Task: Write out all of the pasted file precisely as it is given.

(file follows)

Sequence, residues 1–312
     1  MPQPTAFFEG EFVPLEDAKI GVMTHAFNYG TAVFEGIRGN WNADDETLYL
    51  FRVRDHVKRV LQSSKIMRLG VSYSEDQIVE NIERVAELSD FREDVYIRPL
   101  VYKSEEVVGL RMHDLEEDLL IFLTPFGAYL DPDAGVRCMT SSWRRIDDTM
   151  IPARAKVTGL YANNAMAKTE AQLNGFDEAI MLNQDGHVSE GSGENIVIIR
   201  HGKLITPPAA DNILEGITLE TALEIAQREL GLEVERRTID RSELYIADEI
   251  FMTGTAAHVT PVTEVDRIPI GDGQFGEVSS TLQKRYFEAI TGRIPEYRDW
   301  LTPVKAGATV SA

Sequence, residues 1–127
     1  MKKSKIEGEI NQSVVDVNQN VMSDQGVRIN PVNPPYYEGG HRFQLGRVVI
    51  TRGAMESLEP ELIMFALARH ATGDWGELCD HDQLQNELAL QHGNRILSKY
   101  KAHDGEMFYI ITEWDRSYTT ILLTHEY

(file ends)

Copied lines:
Sequence, residues 1–312
     1  MPQPTAFFEG EFVPLEDAKI GVMTHAFNYG TAVFEGIRGN WNADDETLYL
    51  FRVRDHVKRV LQSSKIMRLG VSYSEDQIVE NIERVAELSD FREDVYIRPL
   101  VYKSEEVVGL RMHDLEEDLL IFLTPFGAYL DPDAGVRCMT SSWRRIDDTM
   151  IPARAKVTGL YANNAMAKTE AQLNGFDEAI MLNQDGHVSE GSGENIVIIR
   201  HGKLITPPAA DNILEGITLE TALEIAQREL GLEVERRTID RSELYIADEI
   251  FMTGTAAHVT PVTEVDRIPI GDGQFGEVSS TLQKRYFEAI TGRIPEYRDW
   301  LTPVKAGATV SA

Sequence, residues 1–127
     1  MKKSKIEGEI NQSVVDVNQN VMSDQGVRIN PVNPPYYEGG HRFQLGRVVI
    51  TRGAMESLEP ELIMFALARH ATGDWGELCD HDQLQNELAL QHGNRILSKY
   101  KAHDGEMFYI ITEWDRSYTT ILLTHEY